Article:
Communicating With Clarity – Don’t Leave Others Hanging With Uncertainty

by Diane M. Hoffmann


Here’s another example of bad communication.  True story.  Fredda is part of a team that provides weekly events to seniors in their community.

Each one member does his/her one day per week and when one cannot make it, works out with another who can fill-in for that person for that day.

Rick, one of the team members, often changes his days because of various family and work activities. He took the month of July off and asked Fredda to work the events in his place. When the month was over, Fredda sent the following email to confirm whether or not Rick would be back to his normal routine at this time.

“Rick… Jim will be doing his regular 1st Monday of the month, this Monday... are you still wanting to be off during August? Let me know if you want me to continue filling in for your days this month. Fredda”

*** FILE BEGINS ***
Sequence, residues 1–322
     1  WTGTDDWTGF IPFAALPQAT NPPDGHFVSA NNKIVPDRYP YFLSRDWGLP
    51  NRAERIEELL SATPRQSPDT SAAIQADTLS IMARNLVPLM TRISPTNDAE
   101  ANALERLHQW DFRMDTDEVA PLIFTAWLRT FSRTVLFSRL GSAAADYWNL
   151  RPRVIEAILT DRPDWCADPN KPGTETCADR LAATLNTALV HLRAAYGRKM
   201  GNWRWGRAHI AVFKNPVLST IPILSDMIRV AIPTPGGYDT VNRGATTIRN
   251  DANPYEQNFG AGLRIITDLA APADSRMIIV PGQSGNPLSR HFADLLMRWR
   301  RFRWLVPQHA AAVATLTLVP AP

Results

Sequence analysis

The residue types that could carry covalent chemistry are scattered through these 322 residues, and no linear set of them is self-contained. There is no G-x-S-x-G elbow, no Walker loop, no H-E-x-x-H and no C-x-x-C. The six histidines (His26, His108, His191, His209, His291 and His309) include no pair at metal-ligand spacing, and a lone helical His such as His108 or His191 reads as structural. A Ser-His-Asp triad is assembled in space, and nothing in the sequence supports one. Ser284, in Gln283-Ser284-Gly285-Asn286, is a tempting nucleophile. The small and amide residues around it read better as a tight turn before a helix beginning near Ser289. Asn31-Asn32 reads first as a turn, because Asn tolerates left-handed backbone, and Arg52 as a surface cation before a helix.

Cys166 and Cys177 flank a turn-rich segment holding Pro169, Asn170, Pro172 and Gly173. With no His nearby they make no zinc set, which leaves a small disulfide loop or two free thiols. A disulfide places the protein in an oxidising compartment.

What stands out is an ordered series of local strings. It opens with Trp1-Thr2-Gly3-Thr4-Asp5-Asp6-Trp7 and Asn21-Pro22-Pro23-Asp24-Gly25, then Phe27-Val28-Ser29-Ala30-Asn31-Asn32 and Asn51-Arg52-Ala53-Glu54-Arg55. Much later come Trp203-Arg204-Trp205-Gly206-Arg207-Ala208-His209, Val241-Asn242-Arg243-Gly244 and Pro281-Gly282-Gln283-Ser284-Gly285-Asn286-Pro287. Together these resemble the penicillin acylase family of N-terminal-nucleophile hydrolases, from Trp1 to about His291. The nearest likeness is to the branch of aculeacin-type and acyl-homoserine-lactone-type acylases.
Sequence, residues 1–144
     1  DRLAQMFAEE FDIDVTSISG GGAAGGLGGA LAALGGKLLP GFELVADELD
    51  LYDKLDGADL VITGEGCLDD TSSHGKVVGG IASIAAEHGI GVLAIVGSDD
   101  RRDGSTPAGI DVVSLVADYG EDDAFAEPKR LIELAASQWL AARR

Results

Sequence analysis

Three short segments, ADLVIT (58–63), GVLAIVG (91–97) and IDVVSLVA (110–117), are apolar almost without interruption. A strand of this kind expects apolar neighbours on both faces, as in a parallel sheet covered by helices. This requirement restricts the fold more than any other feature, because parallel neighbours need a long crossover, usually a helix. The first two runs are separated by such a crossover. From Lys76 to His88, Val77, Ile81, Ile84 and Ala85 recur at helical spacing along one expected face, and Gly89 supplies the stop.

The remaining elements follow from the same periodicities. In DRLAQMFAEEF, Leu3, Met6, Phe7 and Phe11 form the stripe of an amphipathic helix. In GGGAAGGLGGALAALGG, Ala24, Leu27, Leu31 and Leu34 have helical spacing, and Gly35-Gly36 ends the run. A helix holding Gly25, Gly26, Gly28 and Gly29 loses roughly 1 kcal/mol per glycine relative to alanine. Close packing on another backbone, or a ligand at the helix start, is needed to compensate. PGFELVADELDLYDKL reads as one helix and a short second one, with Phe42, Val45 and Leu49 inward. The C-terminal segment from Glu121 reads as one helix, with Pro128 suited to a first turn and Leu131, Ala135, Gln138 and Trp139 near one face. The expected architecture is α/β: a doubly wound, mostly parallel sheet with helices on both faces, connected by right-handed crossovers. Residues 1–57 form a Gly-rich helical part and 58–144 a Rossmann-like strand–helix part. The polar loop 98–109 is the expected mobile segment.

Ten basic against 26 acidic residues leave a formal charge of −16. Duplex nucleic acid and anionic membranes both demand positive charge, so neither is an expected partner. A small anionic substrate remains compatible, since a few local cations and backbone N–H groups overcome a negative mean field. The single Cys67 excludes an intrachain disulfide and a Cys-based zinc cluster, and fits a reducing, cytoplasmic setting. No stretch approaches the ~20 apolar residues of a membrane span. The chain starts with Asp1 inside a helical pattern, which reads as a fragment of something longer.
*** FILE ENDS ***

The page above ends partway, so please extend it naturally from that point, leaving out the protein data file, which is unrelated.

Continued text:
His answer was:

“Hi Fredda…Our holidays are done now. I would be delighted to be back in the schedule. Perhaps next Monday would work? See you tomorrow. Rick

Now, tell me… does that answer the question? Or does it leave the whole communication open, requiring another email or phone call from Fredda for clarification?

First, Rick says that “he would be delighted” – that does not say that he will be back on schedule. Second, he then uses the word ‘perhaps’ which declares uncertainty, and even adds a question mark to it.  His response leaves the whole issue up in the air. And his last line "see you tomorrow" was pure assumption that Fredda would be at a particular place totally aside from these events.

Simly, the answer from Rick should have said something like this: “Fredda… our holidays are done now. I will be back to my regular schedule starting with August 11.”

Now, that’s proper communication!/dmh

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